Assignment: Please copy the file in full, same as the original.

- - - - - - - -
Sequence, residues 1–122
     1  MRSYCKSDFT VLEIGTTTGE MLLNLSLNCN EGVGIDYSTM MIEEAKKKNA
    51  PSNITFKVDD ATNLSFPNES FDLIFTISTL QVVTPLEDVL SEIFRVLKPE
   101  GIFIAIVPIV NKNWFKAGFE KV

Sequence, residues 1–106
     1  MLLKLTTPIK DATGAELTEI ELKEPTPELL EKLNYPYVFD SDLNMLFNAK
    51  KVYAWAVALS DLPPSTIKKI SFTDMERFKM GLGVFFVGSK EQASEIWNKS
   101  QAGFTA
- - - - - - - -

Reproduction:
Sequence, residues 1–122
     1  MRSYCKSDFT VLEIGTTTGE MLLNLSLNCN EGVGIDYSTM MIEEAKKKNA
    51  PSNITFKVDD ATNLSFPNES FDLIFTISTL QVVTPLEDVL SEIFRVLKPE
   101  GIFIAIVPIV NKNWFKAGFE KV

Sequence, residues 1–106
     1  MLLKLTTPIK DATGAELTEI ELKEPTPELL EKLNYPYVFD SDLNMLFNAK
    51  KVYAWAVALS DLPPSTIKKI SFTDMERFKM GLGVFFVGSK EQASEIWNKS
   101  QAGFTA